EmpathyCommunicating with another person in a deep and engaging way is not an easy task. But there are effective ways for this empathy process to be successfully achieved.

Much has been written about empathy. However, I perceive the existence of an important gap between upholding theories and the living practice of the empathy process in every person.

I will try and concentrate in the “living” practice of this resource or quality that every person seems to have in a more or less quantity. From my point of view, empathy can be taught or developed, when you take conscience about the obstacles that hinder it and the resources that boost it.

I would like to introduce some basic definitions of empathy, which will be helpful for you not to confuse them with compassion, a strong emotion linked to the desire of relief from suffering; nor sympathy, which is a behavior related to the desire of pleasing other people.

Howard Gardner, in his multiple intelligence theory, defines empathy as the cognitive skill to perceive what other people feel in a common context. He describes empathy as an objective participative affection of one person in a different reality as his. Gardner himself calls it “interpersonal intelligence” as well, (Gardner 1995).

Daniel Goleman upholds, in its book “The emotional intelligence”, that empathy is the most essential social competence. He also adds: “Empathy is our social radar. Without it, people inside an organization are literally disconnected”. Goleman defines empathy as an awareness of feelings and needs of others from an active level in matters that concern to other people (Goleman, 2007).

I infer that almost everybody has heard those popular phrases about empathy, such as “place yourself on somebody else’s skin”, “put yourself in other people’s place”, “put on someone else’s shoes”.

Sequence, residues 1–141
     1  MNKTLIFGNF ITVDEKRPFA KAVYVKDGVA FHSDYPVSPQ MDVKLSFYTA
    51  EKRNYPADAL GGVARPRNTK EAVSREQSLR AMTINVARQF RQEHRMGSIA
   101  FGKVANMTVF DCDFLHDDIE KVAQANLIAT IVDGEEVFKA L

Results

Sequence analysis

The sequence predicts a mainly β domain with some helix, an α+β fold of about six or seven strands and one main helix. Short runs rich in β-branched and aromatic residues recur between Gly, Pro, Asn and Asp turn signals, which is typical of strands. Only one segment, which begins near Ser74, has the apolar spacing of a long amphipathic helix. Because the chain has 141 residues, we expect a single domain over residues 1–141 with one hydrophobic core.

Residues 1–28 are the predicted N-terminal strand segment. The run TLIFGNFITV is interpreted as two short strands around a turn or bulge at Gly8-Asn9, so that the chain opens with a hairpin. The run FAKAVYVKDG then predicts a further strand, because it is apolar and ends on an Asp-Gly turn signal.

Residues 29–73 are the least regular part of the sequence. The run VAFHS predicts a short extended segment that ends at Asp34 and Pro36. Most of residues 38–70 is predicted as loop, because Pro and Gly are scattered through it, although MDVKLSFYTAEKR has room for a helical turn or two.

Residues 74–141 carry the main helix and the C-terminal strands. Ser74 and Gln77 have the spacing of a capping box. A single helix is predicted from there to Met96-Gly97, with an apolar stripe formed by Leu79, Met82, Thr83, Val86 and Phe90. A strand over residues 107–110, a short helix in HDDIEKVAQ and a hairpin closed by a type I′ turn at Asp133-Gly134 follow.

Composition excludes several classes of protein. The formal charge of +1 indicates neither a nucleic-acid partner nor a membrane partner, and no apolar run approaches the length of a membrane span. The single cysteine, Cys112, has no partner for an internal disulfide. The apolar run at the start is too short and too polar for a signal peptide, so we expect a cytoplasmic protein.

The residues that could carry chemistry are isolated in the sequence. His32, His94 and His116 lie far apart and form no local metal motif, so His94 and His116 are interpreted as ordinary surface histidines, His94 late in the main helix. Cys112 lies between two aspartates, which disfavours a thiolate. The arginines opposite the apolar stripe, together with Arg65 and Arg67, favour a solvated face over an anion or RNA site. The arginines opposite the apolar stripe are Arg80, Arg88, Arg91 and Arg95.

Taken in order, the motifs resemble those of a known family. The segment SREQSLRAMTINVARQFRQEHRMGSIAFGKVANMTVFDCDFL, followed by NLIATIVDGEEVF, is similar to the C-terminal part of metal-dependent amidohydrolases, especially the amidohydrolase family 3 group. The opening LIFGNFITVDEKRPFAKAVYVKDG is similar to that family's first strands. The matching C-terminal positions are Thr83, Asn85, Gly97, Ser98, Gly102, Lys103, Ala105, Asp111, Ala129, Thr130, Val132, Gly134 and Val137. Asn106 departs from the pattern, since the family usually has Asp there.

Chinese philosopher Chuang Tzu upholds that true empathy “demands to see all faculties. And when faculties are empty, it’s the whole self that listens” (Merton, 1965).

From practical experience, the empathy process implies not only the broadening of a person’s perceptive field and its consciousness; but also compromises trust in the wisdom of its intuition and visceral sensation. I understand that this task is not simple, knowing that cognitive thought (what I think) has been more important than emotional thought (what I feel).

Empathy constitutes, as such, a deep communication phenomenon, something like a multidimensional space where words and silences meet, movements and stillness, thoughts and feelings, presence and absence, lights and shadows. I could affirm that empathy is more an attitude than a technique itself. An attitude that requires to strip off of preconceived ideas and theories, (irrational and automated thoughts and beliefs) starting to look more like an experienced artist than an experienced therapist. An attitude that roots itself in acceptance and a genuine interest of making the other person achieve that he is, putting aside the first impulses of isolate it and change it.